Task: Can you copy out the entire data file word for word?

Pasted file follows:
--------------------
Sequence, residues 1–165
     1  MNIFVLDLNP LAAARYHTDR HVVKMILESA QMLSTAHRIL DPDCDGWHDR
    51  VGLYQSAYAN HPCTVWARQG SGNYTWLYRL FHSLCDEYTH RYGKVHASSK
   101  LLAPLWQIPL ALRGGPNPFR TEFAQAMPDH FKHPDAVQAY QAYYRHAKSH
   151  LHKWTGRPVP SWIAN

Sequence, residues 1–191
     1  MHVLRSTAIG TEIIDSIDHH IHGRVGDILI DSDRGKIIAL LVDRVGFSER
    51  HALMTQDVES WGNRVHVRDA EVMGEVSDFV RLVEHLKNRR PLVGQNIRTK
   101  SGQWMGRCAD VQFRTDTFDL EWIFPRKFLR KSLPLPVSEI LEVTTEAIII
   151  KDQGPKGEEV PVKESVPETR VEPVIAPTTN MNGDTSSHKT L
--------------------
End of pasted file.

Sequence, residues 1–165
     1  MNIFVLDLNP LAAARYHTDR HVVKMILESA QMLSTAHRIL DPDCDGWHDR
    51  VGLYQSAYAN HPCTVWARQG SGNYTWLYRL FHSLCDEYTH RYGKVHASSK
   101  LLAPLWQIPL ALRGGPNPFR TEFAQAMPDH FKHPDAVQAY QAYYRHAKSH
   151  LHKWTGRPVP SWIAN

Sequence, residues 1–191
     1  MHVLRSTAIG TEIIDSIDHH IHGRVGDILI DSDRGKIIAL LVDRVGFSER
    51  HALMTQDVES WGNRVHVRDA EVMGEVSDFV RLVEHLKNRR PLVGQNIRTK
   101  SGQWMGRCAD VQFRTDTFDL EWIFPRKFLR KSLPLPVSEI LEVTTEAIII
   151  KDQGPKGEEV PVKESVPETR VEPVIAPTTN MNGDTSSHKT L